All blog posts I have found about Gili Air have titles like “10 amazing things to do in the Gilis” , and surprisingly I haven’t found any posts on what the experience of traveling to the Gilis by boat. The closest I’ve come is Adventurous Kate’s story of Shipwreck in Indonesia – which is how I thought my story to the Gilis would end…The Lonely Planet only recommended two boat operators (Scoot Cruises and Gili Cat) which where both fully booked by the time we decided to visit Gili Air – more about Gili Cat later… Anyway, we needed to get from Bali to Gili Air by boat, and that’s where this story begins…
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For those who don’t know, the Gili Islands are 3 idyllic islands located to the north west of Lombok and are a common tourist stop for visitors from Bali. There are no cars allowed on the islands, just dirt roads you can wander by foot, between breaks from snorkeling with turtles in turquoise waters, before retiring to your bungalow for a night of sound sleep. Sounds romantic, right? Well, it is. But getting there is another story.
On TripAdvisor nearly all reviews of boat operators to the Gilis are ranked with barely one star with reviews like “Worst day of my life” and “Would rather be in hell than take the boat to Gili Air again.”
Should we trust their reviews?, we wondered. Maybe all of these people were being dramatic, maybe there was nothing to worry about. These reviews were probably written by the tourists carrying big suitcases traveling by tour bus… not flexible backpackers like ourselves.
In our desperation to get out of Seminyak we reluctantly booked our “tickets” to reach Gili Air through a taxi driver, who “had a friend” (don’t they all…) who could get us tickets. We went this route because both Scoot Fast Cruise and Gili Cat did not have tickets available for the next day.
What boat company is it? we asked our taxi driver, and he assured us we’d get tickets with Eka Jaya, a fast boat operator we had heard of, at least. When we showed up to Padangbai Harbor, he dropped us at an unnamed tent. There we waited, and waited, and waited, until a guy in plain jeans and a t-shirt came over and told us to follow him. But, I thought, shouldn’t he be wearing, like, a polo shirt with the boat company’s logo on it?
He handed us each a laminated card that read MARINA SRIKANDI. Shit. This wasn’t one of those fast boats Lonely Planet had recommended… or even one that I’d seen reviewed on TripAdvisor.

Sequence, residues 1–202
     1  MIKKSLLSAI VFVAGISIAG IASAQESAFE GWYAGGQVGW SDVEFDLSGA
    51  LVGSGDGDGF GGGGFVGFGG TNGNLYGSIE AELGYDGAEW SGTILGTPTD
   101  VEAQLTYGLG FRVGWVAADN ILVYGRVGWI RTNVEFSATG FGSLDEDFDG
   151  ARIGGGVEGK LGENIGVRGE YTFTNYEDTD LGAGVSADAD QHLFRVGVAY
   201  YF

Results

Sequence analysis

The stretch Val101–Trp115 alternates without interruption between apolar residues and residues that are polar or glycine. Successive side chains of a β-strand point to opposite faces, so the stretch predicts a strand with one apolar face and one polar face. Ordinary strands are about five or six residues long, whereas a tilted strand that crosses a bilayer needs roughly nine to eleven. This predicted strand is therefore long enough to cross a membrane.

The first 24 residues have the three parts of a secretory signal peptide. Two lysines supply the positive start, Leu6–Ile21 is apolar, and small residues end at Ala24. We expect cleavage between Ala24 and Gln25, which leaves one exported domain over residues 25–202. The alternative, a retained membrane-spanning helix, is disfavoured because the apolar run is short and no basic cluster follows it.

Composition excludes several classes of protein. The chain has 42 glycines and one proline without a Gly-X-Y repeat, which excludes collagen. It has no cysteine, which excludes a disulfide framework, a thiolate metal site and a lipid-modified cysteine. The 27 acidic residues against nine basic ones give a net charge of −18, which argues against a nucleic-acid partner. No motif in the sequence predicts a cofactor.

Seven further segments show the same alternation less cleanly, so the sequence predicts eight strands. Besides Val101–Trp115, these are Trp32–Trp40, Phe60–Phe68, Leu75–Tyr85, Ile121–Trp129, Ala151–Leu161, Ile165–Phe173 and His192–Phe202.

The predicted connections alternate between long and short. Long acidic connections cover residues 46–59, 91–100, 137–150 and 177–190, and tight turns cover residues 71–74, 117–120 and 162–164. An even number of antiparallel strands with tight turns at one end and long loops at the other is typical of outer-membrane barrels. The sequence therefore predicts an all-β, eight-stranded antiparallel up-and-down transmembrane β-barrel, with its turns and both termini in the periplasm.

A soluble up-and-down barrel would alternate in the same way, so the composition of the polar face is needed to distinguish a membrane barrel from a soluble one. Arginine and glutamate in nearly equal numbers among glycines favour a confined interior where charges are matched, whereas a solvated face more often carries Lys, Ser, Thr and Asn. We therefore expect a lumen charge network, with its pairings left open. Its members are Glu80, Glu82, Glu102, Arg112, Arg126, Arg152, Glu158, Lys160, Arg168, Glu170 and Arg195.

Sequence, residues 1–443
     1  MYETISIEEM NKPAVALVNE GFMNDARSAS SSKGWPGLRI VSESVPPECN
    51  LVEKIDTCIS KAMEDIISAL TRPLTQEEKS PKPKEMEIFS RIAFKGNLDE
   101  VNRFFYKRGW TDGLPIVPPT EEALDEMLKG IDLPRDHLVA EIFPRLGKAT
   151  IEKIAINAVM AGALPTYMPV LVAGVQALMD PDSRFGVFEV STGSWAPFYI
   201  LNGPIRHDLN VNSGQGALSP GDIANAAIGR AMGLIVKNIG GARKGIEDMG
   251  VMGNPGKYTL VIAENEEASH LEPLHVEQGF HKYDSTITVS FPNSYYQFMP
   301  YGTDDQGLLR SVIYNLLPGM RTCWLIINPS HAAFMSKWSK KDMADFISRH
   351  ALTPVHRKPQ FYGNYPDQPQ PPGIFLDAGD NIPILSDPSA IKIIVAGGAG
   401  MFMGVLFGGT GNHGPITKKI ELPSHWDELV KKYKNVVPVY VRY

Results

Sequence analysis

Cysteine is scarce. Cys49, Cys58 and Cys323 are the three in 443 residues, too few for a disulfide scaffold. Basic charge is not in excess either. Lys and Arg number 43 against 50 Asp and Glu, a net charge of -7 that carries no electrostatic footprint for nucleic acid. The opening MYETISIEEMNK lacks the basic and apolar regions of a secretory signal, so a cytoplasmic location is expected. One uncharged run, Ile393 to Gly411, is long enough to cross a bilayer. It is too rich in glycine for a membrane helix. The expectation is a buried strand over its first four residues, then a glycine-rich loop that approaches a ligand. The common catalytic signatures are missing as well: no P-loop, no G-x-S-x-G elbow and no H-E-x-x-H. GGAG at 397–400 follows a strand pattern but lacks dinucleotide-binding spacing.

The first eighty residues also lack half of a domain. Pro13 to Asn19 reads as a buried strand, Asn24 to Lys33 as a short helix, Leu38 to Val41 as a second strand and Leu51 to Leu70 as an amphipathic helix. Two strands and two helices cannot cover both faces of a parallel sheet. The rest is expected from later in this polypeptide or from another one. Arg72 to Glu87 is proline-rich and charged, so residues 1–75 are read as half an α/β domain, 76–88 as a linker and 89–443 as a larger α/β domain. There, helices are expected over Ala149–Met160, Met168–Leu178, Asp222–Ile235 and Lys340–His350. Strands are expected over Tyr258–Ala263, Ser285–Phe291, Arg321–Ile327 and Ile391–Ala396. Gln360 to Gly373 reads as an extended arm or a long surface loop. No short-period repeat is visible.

Fast boats from several different operators pulled into the harbor, and each one looked like a small ferry. Each one tall and looking like it could withstand some decent sized waves. Then I saw a small, low boat, pulling into the harbor. It looked like a baby compared to the others. Written on the side of it was MARINA SRIKANDI.
Look, my boyfriend said, pointing to the back of the boat as we boarded. There are like 5 engines on it! Even if some of them fail, we’ll still make it. Somehow, this was supposed to make me feel better.
Initially, there seemed to be nothing to fear. We gave our backpacks to the guys working on the boat who loaded them on the roof, and stepped down into the low cabin. As the boat pulled away, we could see Bali from a distance and the colors were breathtaking. I was even thinking about how great it would be to have an interior design based on a Balinese color palette (guess you know where my mind goes when it wanders). For the first 10-15 minutes everyone aboard the fast boat was laughing and looking out the windows. The waves were calm as we traveled along the coastline of Bali. We were surrounded by travelers who were just like us, which somehow always puts my mind at ease.
ICEBERG, ugh I mean, WAVES AHEAD!
Then the water started to get dicey. Ok, ok, no problem, I thought. We were going pretty fast and sometimes there was a big drop in the front of the boat when we leapt over a wave. My palms were a little sweaty, but no problem. Just a bit of discomfort, some waves here and there, but c’mon, this is the ocean! What did I expect?
I should preface this by saying that things like this don’t usually freak me out. I’m usually one the who scoffs when others are scared (driving along cliffs after the Road to Hana for example), and think that it’s too self-important to expect that of all the times something would go wrong, it would happen to you.
BANG. Another drop from the front of the boat as we leapt over another wave. BANG, BANG, BANG, the drops kept coming. All good, nothing to worry about, I was telling myself. The guys captaining this boat do this all the time… multiple times a day! Nothing to worry about, nothing.
The drops got noticeably bigger as the waves grew around us. Suddenly, the boat seemed quite small compared to how many people were in it and how much luggage it was carrying.
The waves now came from the left and the right instead of only from the front of the boat.
Soon they were lapping the windows next to our seats. It’s one thing to have waves coming for the nose of the boat. That’s ok. But waves coming from the sides… The luggage was piled high on top of the boat, increasing its center of gravity. This thing could tip over in a large wave.
Making an escape plan – smart, or manic? Still not sure
Despite our speed (which was fast), our boat was rocking from side to side with waves of several meters on either side. Remember, US readers – a meter is more than 3 feet. I’m talking waves of 9-12 feet on either side of this boat.
This is when my small panic set in. It’s ok, I told myself, I’ll make an escape plan. The emergency escape latch is right above me. Good. If the boat capsizes I can try to swim up and push that open.
Meanwhile, my boyfriend showed no signs of fear (typical). Drink some water, he said, trying to help me calm down, or maybe he noticed that I was sweating profusely.